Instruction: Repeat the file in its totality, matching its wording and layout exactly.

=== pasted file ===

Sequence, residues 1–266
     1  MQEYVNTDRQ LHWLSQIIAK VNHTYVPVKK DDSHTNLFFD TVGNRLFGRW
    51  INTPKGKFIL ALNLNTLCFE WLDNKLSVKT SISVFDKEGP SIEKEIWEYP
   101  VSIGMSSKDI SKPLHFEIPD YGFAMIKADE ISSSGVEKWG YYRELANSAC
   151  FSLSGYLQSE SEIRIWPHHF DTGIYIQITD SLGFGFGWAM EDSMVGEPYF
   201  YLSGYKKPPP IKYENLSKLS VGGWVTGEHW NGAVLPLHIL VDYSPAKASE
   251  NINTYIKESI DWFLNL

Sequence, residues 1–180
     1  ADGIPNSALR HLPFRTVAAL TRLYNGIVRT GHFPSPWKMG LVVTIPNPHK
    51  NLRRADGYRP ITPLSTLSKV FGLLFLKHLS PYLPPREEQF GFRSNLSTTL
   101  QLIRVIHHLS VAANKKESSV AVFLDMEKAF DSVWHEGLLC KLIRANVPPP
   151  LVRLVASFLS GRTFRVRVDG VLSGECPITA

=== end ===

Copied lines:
Sequence, residues 1–266
     1  MQEYVNTDRQ LHWLSQIIAK VNHTYVPVKK DDSHTNLFFD TVGNRLFGRW
    51  INTPKGKFIL ALNLNTLCFE WLDNKLSVKT SISVFDKEGP SIEKEIWEYP
   101  VSIGMSSKDI SKPLHFEIPD YGFAMIKADE ISSSGVEKWG YYRELANSAC
   151  FSLSGYLQSE SEIRIWPHHF DTGIYIQITD SLGFGFGWAM EDSMVGEPYF
   201  YLSGYKKPPP IKYENLSKLS VGGWVTGEHW NGAVLPLHIL VDYSPAKASE
   251  NINTYIKESI DWFLNL

Sequence, residues 1–180
     1  ADGIPNSALR HLPFRTVAAL TRLYNGIVRT GHFPSPWKMG LVVTIPNPHK
    51  NLRRADGYRP ITPLSTLSKV FGLLFLKHLS PYLPPREEQF GFRSNLSTTL
   101  QLIRVIHHLS VAANKKESSV AVFLDMEKAF DSVWHEGLLC KLIRANVPPP
   151  LVRLVASFLS GRTFRVRVDG VLSGECPITA